Now, you teach creative writing at La Roche University, and have hosted writing workshops in the Pittsburgh area. How do you think working with other writers may have influenced how you wrote Myriad?

As a teacher, the main thing I try to impress on students is the importance of reducing stress and liberating creativity. That means, among other things, letting your first draft be messy instead of putting pressure on yourself to get it right the first time. My own experience as a writer has taught me to trust my instincts and not worry about the finished product when I’m drafting, so that’s what I did with Myriad: I posed a mystery at the start and let the creative process lead me to its conclusion. This meant, especially with time travel, that there were parts of the draft where I got lost and had to do major revision — but it also enabled me to write a story so twisty and unpredictable, even I didn’t know what was going to happen next.

Sci-fi novels like Myriad are sometimes stand-alone stories, and sometimes they’re part of larger sagas. What is Myriad?

I have to confess I don’t have a definite answer. I originally planned it as a stand-alone because, as a murder mystery, I wanted it to have a completeness and resolution all on its own (which it does). But the thing is, I grew to like Miriam so much, I chose to bring her story to a conclusion that leaves the tiniest of openings for more. It’s time travel, right? And — not to give too much away — the approach I take to time travel lends itself to lots of other stories. Right now I’m working on something brand new, a sci-fi horror story that has nothing to do with Myriad. But if Myriad does turn out to be the first book in a series, the one thing I can say for sure is that each book will be quite unlike the others. It won’t simply be that Miriam has a new mystery to solve each time out. The world, the technology, the challenges, and even Miriam herself will be very different from adventure to adventure.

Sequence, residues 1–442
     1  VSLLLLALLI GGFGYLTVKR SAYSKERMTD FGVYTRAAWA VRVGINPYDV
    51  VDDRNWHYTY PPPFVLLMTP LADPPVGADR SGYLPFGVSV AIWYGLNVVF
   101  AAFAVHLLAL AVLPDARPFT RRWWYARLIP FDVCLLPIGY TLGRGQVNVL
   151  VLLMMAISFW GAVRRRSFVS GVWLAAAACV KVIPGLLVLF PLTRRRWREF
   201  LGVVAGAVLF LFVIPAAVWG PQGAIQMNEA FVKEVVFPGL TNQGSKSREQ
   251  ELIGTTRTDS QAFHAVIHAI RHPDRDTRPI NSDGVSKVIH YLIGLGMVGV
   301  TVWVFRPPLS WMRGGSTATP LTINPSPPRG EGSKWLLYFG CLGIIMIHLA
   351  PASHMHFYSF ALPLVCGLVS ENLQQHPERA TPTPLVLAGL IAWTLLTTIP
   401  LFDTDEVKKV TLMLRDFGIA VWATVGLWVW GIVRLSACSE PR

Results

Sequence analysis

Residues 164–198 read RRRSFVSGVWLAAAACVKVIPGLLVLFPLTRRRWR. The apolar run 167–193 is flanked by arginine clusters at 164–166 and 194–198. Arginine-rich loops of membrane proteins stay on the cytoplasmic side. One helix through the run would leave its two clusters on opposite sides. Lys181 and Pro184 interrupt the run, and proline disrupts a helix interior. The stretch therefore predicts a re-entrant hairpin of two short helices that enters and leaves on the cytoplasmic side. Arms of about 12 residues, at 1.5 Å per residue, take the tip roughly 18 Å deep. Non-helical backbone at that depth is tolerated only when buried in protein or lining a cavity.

Earlier I asked if Myriad had been influenced by any movies, TV shows, or games. But to flip things around, do you think Myriad would work as a movie, show, or game?

Personally, I think Myriad would work really well as a series. I say this for two reasons. One, the concept of a time-traveling law enforcement agent offers a sci-fi twist on other popular crime dramas like Law & Order, C.S.I., and so forth. Two, in similar fashion to Lauren Beukes’s time-traveling serial killer story The Shining Girls, which was adapted as an Apple TV+ series, Myriad goes in lots of directions and has lots of mini-stories with their own arcs and cliffhangers that would work well as episodes.